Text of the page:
During the 14-year study period, 743 cases of invasive HSV infection occurred at the 15 reporting hospitals, 357 (48%) cases in subjects <30 days old and 386 (52%) in children ≥30 days old. There was no significant change in HSV cases over time in either age group (P = .770 and P = .734 by analysis of variance, Fig 1). In contrast, during the same period, use of acyclovir for the combined non-HSV DRGs increased significantly from 7.6% in 1999 to 15.6% in 2012 (R2 = 0.909; P < .001, Fig 1).
To further explore the changes in acyclovir use among the PHIS hospitals over the 14-year study period, rates of acyclovir in the first 7 years were compared with rates in the second 7 years (Table 1). For all children in the combined nonherpes DRGs, acyclovir usage increased from 10.8% to 14.5%, an overall increase of 34.3% (P < .001). Individual significant overall increases occurred in all 6 DRGs with the greatest percentage changes in viral meningitis (120.6%), fever (69.2%), and septicemia (53.1%). Significant increases (P < .001) occurred in children aged 0 to 29 days (60.9%), 30 to 59 days (82.7%), and 60 days to <1 year (43.1%). Lesser changes were noted in older children (≥1 year to <5 years [–14.5%, P = .007] and ≥5 years to <13 years [5.8%, P = .2]). Of interest, the increase in acyclovir usage occurred only in children with severity scores <3 (44.8%, P < .001). Additionally, hospital LOS was significantly higher by an average of 2.1 days (5.85 vs 3.76 days, P < .001) in those children who received acyclovir in these nonherpes DRGs as compared with those who did not, an association that remained significant after adjustment for year of discharge, severity, and patient age.
Herpes Testing at Children’s Hospital Colorado
From 2007 to mid-2013, 3006 HSV PCR tests were sent on CSF samples at Children’s Hospital Colorado. Of these, 1394 (46%) were sent on children >30 days old, and only 3 (0.22%) yielded a positive result in this age group, with 2 children, ages 11 and 13 months, diagnosed with HSV encephalitis. The third positive occurred in a 13-year-old diagnosed with a spontaneously resolving HSV meningitis, in whom the result returned after discharge without HSV treatment from the hospital.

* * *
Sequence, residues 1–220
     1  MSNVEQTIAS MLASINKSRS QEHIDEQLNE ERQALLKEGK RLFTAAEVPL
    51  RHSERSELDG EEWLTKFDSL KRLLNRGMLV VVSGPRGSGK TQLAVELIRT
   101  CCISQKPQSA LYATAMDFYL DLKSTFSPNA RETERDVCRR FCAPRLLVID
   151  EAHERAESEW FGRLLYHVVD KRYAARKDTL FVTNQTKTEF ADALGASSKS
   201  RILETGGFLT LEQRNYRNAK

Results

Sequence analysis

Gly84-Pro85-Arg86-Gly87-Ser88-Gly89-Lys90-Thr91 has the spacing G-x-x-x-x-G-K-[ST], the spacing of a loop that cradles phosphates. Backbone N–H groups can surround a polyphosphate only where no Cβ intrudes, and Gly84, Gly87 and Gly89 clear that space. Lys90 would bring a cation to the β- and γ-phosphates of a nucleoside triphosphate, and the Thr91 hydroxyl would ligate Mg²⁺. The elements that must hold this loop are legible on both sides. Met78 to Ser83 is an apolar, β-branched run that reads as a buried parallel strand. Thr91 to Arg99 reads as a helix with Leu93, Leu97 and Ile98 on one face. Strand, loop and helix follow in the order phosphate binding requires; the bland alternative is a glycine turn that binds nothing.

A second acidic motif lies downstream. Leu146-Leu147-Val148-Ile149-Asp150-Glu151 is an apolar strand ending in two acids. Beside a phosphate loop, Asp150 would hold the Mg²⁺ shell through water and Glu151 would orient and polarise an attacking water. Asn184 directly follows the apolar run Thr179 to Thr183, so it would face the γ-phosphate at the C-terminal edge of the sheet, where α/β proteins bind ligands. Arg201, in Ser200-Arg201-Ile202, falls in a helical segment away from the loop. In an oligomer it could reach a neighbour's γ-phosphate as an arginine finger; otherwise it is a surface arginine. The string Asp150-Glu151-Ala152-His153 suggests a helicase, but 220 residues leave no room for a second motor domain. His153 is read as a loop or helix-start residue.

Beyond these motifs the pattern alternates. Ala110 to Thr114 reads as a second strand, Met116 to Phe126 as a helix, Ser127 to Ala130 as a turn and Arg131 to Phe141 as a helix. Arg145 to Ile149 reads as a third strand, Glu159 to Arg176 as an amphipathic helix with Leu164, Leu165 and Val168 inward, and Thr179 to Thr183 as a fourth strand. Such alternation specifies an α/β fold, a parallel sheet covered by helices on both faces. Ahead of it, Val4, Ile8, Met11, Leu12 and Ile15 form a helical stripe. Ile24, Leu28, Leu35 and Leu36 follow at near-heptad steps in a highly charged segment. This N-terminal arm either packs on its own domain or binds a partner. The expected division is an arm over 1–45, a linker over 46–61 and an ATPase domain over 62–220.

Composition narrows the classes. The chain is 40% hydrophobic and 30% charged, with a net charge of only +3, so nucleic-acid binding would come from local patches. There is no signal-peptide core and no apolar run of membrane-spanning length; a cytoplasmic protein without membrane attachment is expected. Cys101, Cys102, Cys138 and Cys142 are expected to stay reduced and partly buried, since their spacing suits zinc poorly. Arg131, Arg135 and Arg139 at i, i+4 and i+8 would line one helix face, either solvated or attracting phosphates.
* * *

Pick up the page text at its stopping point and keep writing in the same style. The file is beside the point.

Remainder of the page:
Characteristics of 55 Subjects With Negative HSV Testing
Subjects with negative HSV CSF PCR testing ranged in age from 1 month to 16 years and 4 months, with a median age of 20 months (Table 2). Fever (temperature ≥38.0°C) by history or at the time of HSV testing was present in 58% of subjects. Forty-two percent had either a history of or observed seizure activity, and 16% had altered mental status by history or at the time of testing. Half of all HSV PCR tests were sent on subjects without CSF pleocytosis (CSF WBC count <5/cm3). Fifty-six percent of subjects were tested for enterovirus, although only 3 (9%) of 32 were positive.
The vast majority (98%) of subjects were admitted to the hospital and 73% underwent an MRI within the first 48 hours of presentation. Temporal lobe abnormalities were not noted in any scan. Sixty-nine percent received empirical acyclovir before test results, with a median duration of empirical treatment of 3 days.
Predictive Value of Assessment for Typical Clinical Presentation
Both cases of HSV encephalitis in our series met our predefined criteria for “typical” HSV clinical presentation. Conversely, only 4% (95% confidence interval 1%–14%) of negative subjects met these criteria, that is, 96% of HSV testing was performed on patients who did not have the clinical features typical of HSV infection.
This study characterizes increasing trends nationwide in empirical treatment of presumed HSV encephalitis in children outside the neonatal period and with less-severe presentations. At our own institution, testing and empirical treatment in patients who lacked clinical and laboratory findings typical of HSV encephalitis was common.